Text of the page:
Those losses were part of an overall $6.2 billion trading loss suffered by the bank centered on Bruno Iksil, the former trader known as the London Whale. Martin-Artajo supervised Iksil, while Grout worked for Iksil.
(Read more: JPMorgan expects to settle Whale probes for about $800 million)
According to the indictment, Martin-Artajo and Grout artificially inflated the value of securities from March to May 2012 "to hide the true extent of significant losses" in a trading portfolio.
"Mr. Grout was a junior trading assistant acting under the direct instructions of his managers and has been unjustly played as a pawn in the government's attempt to settle its highly politicized case against JPMorgan Chase," attorney Edward Little said in the statement.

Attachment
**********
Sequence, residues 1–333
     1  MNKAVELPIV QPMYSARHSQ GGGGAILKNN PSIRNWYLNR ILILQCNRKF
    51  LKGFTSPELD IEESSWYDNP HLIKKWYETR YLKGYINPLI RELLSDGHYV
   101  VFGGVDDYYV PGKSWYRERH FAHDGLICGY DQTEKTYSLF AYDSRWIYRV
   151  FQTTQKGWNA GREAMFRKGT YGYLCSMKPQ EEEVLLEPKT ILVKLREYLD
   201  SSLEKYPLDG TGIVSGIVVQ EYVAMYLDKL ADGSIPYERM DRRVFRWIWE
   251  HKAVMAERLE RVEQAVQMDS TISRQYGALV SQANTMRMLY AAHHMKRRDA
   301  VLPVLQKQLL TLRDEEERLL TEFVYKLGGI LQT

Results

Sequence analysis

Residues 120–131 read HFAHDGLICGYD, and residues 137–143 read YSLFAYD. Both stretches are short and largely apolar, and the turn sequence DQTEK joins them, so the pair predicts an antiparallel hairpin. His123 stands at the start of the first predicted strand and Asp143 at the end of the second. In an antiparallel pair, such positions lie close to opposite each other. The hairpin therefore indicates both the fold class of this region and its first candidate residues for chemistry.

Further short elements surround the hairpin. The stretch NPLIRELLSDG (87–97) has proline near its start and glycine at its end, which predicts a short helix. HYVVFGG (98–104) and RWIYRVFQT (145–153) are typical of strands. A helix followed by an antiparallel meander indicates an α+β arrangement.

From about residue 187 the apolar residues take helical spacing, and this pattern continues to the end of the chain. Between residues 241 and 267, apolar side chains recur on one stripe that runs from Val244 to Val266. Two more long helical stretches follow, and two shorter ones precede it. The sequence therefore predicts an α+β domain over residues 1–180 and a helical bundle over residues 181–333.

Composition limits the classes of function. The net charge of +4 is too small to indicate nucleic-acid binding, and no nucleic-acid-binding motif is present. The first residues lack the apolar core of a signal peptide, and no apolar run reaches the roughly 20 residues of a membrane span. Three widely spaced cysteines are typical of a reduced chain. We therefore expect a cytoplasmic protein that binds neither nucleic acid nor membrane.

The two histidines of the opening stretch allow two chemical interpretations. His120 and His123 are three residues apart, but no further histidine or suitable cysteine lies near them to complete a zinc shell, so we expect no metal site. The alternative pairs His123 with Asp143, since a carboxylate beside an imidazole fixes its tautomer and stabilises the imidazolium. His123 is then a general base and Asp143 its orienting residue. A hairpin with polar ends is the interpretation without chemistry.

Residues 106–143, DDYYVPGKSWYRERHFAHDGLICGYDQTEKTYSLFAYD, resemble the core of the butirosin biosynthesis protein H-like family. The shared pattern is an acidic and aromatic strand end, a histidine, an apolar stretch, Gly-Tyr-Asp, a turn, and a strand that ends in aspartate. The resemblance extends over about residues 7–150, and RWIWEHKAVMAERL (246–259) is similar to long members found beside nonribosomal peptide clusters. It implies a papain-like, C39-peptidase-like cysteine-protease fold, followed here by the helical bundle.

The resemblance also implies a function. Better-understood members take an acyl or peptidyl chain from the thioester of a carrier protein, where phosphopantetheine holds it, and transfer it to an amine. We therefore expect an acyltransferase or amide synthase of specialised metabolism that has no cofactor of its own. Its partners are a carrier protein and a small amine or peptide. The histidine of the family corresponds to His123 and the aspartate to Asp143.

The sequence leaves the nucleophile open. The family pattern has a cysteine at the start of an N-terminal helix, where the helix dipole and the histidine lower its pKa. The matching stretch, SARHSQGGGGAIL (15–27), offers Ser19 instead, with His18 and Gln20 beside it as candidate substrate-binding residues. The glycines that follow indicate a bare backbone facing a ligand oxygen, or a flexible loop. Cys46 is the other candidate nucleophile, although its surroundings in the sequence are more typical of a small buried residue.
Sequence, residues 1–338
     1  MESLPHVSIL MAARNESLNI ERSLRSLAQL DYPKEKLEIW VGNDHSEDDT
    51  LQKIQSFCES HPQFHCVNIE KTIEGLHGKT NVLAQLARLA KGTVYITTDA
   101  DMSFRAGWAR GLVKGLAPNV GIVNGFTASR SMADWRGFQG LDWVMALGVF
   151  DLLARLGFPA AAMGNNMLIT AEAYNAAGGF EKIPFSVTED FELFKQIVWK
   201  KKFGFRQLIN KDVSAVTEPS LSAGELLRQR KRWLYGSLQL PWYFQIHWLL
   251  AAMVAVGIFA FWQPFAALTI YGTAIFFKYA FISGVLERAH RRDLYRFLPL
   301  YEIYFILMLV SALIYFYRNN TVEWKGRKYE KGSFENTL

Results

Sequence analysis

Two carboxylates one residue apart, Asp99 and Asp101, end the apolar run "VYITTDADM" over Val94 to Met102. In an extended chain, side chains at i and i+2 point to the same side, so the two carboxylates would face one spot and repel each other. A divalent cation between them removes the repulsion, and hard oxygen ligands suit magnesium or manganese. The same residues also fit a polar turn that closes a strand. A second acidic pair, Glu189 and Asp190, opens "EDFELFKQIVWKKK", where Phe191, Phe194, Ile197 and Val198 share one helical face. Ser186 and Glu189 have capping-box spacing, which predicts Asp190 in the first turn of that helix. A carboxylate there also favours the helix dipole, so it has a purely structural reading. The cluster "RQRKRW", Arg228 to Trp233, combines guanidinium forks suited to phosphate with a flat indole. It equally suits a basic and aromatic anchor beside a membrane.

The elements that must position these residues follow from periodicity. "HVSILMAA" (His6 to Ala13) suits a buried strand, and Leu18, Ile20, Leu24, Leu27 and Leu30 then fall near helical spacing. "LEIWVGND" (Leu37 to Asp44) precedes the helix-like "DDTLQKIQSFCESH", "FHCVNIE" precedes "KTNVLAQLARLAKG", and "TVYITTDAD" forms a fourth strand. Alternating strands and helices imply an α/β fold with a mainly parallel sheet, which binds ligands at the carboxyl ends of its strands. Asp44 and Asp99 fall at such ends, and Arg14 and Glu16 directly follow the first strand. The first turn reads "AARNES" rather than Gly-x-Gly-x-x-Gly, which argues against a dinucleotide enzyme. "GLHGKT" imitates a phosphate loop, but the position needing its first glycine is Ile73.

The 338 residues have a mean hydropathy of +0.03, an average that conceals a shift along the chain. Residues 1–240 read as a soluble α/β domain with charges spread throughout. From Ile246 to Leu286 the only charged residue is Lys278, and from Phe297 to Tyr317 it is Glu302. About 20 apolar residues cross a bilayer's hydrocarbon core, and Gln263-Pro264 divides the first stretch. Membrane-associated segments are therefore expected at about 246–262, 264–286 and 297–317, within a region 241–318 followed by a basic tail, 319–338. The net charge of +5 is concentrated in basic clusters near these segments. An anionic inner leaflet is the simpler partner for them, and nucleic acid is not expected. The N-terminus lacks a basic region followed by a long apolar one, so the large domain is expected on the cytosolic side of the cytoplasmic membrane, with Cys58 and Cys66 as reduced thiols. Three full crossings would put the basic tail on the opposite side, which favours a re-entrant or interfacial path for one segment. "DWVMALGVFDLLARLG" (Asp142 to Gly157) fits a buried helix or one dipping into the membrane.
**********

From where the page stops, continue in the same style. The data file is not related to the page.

"It is incredible that the 'London Whale' himself, Bruno Iksil, the senior trader who created and ran JPMorgan Chase's CDS portfolio, got a deal from the government allowing him to escape all charges in return for testimony against his own junior trading assistant, Julien Grout," the statement continued.
(Read more: 'London Whale' cuts a deal to avoid prosecution: Sources)
"It is astonishing that the prosecutors are relying on Iksil's testimony when he is the one who taught Mr. Grout how the bank was marking the portfolio, gave specific instructions on where he should mark positions, and personally approved the marks on a daily basis. Mr. Grout was totally dependent on Iksil's instructions and relied in good faith on his expertise," Little said.